In February of this year, I passed through the Chinese customs
office at Kosong and headed for North Korean customs. Passing
through Chinese customs took a mere 30 minutes, but on the North
Korean side it took over three hours. The reason for this is
the North Korean customs inspection process, which begins with
a verification of relatives living in North Korea, and involves
a full-body search in addition to an inspection of the goods
being brought into the country.
When that is completed, the North
Korean customs officers demand anything else they feel they need.
If that “inspection” is not completed, you cannot
pass through customs. In order to “smooth” the customs
inspection, it is necessary to bring along sufficient quantities
of Chinese fruit such as apples, oranges, and bananas, as well
as cigarettes and children’s candy.
By noon I still hadn’t finished moving through customs,
and the truck headed for Yonsa left without me. With no other
means of transportation and nowhere to stay, I had no choice
but to go to the town of Yanshe, in the mountains. However, in
Yanshe there is nowhere to stay, meaning that I had to ask for
accommodation at a private home. The family was very poor, so
I gave them 10 kilograms of rice as payment for my accommodation.
The next day, I got a ride with a car coming from Yonsa, but
on the way we ran out of gas and had to burn wood to keep going,
turning what is usually a two-and-a-half hour trip into a five-hour
The market in Yonsa is quiet due to the drop in people’s
purchasing power. According to people who had brought goods from
China to sell, it takes two to three times longer to sell anything
in the market than it did last year.
prices in Yonsa are as follows:
won / kg
won / kg
won / kg
won / kg
won / kg
won / block
won / kg
won / load
These prices are quite high for the area. Most families subsist
on potatoes they grow themselves or buy locally. Somewhat better-off
families eat corn and potatoes, or rice.
There were a number of vagrants in the area, even with the cold
weather. They live in shelters provided by the government, but
are responsible for feeding themselves, and resort to begging
to do so. I also saw one who was bloodied, more dead than alive,
returning from an unsuccessful thieving expedition.
In order to help those in desperate need, I arrange a time and
place to meet and distribute food. They must make sure that no
one follows them afterwards. So as not to be found out, once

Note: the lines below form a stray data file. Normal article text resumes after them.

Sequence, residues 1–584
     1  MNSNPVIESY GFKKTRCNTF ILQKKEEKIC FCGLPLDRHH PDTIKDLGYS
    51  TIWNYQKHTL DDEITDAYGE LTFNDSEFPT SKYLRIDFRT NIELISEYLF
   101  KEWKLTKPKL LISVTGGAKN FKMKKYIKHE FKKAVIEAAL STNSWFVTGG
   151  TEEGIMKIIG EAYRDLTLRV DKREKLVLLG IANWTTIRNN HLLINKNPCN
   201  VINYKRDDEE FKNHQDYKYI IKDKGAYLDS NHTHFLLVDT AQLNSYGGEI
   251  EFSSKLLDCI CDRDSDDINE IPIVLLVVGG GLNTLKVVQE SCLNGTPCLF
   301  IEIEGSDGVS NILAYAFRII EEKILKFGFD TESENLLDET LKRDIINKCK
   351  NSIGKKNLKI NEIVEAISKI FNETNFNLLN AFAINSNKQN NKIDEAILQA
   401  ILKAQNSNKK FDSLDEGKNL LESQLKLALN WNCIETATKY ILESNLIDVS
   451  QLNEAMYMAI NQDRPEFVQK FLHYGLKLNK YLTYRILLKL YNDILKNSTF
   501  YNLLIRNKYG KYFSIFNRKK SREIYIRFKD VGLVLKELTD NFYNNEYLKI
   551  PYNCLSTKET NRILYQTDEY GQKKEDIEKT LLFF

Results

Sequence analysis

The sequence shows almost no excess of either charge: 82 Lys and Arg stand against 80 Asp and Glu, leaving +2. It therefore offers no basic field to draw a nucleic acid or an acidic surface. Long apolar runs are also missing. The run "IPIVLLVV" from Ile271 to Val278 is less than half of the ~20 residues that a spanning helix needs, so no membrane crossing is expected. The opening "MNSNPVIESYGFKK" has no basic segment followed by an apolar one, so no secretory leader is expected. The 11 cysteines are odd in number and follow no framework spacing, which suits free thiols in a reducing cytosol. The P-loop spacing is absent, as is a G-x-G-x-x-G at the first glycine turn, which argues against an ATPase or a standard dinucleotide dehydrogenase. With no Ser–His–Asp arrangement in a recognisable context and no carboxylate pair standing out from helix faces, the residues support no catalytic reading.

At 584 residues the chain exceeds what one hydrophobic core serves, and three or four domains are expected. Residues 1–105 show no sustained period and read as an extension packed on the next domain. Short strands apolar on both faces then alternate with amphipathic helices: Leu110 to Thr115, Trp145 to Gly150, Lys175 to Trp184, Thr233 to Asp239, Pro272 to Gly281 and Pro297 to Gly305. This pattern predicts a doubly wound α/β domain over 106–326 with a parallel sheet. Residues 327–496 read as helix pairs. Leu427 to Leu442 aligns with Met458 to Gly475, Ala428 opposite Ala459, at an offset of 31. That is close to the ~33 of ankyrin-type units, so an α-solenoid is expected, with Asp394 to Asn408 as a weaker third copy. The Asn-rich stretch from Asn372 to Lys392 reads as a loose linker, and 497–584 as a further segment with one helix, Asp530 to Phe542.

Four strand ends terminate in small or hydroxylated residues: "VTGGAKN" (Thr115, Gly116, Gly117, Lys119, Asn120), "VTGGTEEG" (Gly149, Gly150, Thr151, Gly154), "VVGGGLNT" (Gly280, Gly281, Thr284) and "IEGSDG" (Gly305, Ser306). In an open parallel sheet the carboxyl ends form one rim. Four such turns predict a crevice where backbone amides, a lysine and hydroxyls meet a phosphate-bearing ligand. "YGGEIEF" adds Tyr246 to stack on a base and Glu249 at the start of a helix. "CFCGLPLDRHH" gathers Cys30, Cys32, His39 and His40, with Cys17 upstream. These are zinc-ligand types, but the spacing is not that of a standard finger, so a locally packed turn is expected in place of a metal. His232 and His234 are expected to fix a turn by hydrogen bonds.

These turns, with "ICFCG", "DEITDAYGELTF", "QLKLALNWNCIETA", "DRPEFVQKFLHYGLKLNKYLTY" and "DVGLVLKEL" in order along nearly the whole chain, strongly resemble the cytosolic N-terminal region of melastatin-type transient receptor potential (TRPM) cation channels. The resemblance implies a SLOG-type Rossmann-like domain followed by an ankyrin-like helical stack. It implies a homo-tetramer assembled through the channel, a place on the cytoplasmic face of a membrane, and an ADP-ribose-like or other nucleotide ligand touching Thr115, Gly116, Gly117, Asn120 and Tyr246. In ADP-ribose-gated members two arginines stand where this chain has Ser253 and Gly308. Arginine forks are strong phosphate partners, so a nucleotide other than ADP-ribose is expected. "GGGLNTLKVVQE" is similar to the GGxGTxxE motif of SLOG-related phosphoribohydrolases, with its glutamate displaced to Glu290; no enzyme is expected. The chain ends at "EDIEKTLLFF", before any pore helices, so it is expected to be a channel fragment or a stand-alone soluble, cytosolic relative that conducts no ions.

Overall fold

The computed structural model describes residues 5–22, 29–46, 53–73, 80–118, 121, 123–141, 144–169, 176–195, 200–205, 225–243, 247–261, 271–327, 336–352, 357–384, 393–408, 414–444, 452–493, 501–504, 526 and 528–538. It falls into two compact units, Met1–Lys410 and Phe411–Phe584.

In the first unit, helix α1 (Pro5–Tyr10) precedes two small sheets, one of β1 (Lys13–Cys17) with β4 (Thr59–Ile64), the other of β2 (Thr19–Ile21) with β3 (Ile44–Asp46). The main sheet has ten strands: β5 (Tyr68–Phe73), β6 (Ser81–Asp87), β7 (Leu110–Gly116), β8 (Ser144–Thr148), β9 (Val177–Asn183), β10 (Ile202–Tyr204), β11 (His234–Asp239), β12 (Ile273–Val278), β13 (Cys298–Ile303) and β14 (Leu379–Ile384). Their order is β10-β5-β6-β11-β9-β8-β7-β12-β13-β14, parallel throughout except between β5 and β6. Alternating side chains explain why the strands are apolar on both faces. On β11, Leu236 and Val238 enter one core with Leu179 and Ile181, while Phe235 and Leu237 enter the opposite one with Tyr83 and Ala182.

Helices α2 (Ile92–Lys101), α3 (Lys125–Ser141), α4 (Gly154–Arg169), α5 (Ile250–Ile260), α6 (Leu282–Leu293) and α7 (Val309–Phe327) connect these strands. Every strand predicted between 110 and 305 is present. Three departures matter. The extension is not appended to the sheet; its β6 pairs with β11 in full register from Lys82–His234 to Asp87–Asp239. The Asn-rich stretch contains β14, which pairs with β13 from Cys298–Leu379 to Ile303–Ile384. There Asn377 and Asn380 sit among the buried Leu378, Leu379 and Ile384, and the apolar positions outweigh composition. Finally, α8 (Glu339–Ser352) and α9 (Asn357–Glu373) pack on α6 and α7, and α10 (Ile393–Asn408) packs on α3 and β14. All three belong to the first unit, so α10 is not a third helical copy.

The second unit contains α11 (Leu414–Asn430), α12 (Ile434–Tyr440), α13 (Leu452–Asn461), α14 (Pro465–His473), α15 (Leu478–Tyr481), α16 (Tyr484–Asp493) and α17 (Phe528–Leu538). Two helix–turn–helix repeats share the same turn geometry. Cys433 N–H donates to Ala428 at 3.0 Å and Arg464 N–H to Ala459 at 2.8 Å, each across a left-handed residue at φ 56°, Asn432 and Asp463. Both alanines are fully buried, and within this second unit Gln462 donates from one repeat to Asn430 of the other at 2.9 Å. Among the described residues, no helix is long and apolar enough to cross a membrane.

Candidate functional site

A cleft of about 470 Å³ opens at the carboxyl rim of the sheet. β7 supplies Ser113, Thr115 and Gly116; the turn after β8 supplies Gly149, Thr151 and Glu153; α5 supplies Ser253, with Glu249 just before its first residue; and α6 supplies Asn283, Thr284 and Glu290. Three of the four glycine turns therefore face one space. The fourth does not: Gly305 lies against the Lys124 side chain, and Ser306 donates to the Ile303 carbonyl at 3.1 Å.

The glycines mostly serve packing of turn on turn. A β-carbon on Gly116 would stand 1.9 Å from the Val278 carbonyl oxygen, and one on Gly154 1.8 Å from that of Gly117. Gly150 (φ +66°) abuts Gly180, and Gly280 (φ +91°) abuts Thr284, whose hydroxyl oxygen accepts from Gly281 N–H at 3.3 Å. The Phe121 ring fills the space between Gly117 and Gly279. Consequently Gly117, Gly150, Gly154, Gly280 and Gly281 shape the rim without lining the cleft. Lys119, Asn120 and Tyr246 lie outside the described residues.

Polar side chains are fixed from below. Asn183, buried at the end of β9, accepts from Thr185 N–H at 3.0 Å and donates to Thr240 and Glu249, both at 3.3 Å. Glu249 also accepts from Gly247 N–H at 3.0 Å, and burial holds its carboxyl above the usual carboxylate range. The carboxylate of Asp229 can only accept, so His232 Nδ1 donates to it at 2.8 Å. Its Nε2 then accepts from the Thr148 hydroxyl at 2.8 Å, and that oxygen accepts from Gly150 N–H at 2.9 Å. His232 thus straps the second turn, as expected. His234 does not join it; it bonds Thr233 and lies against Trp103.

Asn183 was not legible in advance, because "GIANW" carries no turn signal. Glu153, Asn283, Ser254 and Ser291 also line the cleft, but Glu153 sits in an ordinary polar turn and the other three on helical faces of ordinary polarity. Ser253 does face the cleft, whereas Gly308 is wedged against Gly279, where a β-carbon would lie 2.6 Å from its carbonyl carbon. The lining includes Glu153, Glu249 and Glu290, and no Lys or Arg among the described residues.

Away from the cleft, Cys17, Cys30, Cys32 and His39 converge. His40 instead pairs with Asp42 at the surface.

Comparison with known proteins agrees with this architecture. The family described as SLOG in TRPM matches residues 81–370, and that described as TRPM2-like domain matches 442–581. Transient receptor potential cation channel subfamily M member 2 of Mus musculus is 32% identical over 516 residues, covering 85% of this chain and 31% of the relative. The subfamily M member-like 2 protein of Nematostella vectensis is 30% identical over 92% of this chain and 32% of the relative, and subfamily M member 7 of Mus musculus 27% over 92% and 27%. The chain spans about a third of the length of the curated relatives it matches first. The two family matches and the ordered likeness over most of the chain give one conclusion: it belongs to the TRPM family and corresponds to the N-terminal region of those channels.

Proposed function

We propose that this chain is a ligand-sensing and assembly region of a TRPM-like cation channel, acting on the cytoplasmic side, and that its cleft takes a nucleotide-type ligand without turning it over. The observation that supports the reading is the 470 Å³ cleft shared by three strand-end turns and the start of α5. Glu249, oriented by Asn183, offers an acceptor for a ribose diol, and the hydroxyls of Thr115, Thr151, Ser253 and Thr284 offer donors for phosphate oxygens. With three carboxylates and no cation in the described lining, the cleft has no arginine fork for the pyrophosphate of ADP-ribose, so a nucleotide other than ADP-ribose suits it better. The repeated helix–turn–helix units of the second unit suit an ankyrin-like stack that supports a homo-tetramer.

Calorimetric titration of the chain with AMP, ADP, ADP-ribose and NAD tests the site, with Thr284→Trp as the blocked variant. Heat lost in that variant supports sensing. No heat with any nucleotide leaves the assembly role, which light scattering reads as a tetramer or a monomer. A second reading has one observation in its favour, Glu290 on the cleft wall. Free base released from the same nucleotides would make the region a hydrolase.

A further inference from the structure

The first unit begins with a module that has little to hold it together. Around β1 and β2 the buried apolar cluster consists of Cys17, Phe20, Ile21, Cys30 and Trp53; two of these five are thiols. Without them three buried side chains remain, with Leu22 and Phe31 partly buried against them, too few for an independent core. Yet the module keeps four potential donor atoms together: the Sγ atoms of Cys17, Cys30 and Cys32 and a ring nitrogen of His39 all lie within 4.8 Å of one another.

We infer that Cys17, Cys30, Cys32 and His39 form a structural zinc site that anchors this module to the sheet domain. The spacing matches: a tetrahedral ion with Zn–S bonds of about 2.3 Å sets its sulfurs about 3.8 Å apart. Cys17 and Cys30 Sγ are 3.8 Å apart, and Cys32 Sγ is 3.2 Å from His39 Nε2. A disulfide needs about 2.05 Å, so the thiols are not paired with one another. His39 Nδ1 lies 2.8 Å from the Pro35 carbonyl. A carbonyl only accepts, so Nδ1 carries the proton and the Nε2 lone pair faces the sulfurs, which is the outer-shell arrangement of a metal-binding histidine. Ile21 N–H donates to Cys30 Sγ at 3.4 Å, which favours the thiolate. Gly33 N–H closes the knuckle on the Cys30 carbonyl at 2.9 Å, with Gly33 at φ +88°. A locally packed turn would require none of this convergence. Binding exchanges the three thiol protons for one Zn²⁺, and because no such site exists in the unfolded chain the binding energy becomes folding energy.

they have received the food they melt away. It occurred to me
that if I weren’t helping these people who need it, no
one else would be. People sometimes tell me I must be crazy to
North Koreans today cannot survive without doing some kind of
business, whether large or small. Used clothes from China apparently
are a popular item for sale; there are also stalls selling tofu,
candy, alcohol, and Chinese and South Korean rice. Alcohol is
made from potatoes; candy from sugar. Miso (fermented soybean
paste) is made from potatoes and chestnuts. Soap is made from
Kindergarteners bring lunch to school. In order to pay their
school fees, students at state schools gather rabbit pelts, and
dung for fertilizer during the winter vacation; they also go
into the mountains every day in order to find grasses. Girls
are often seen coming down the mountain with bundles of firewood
strapped to their backs.
Adults are required to report to their workplaces every day,
but they do not receive a single won for their efforts. Thus
they are in fact poorer than those without employment, who can
use the time to obtain food. On top of this, the workers must
attend twice-weekly study meetings. It is difficult to imagine
what they could possibly be studying under these conditions.
On February 16, Kim Jong Il’s birthday, families with
children receive one bag of candy and one bag of sweets per child.
Children festoon Kim Jong Il’s statue with flowers in the
middle of the night for the occasion.
Day after day I quietly distributed to the truly needy the two
tonnes of rice I had brought. The External Affairs branch of
the county office has, it seems, no budget whatsoever; workers
have to cover all expenses by themselves. On this trip, I was
asked by the head of the External Affairs branch to bring wallpaper
and fabric. I have no doubt that if I fail to bring wallpaper
and fabric on my next trip, things will be made much more difficult
Letter of Gratitude
Recently, while I was in North Korea distributing
rice and other goods, I met an old
and her grandchild. I bought a meal for the two and gave
them a bit of money.
On my next distribution trip, a letter
was waiting for me. It had been quietly handed to someone
the request to pass it along if I ever came that way again.
February 10, 2007
I came to Yonsa with my grandchild to get some food from
our relatives. There, in the market, I met a Chinese man
must have felt sorry for us, sickly and wretched-looking
as we were. He took us to a café in the market and bought
us lunch. And when we parted, he gave us some money as well.
agape. I couldn’t tell if I was dreaming, or if
it had really happened. Were there really people like that
in this world? I had never seen him before in my life. Neither
he a relative, but he helped us.
him from the bottom of my heart. I will never forget his
kindness as long as
I live. Wherever he may be, I pray for his health and long
Cho Sun Bok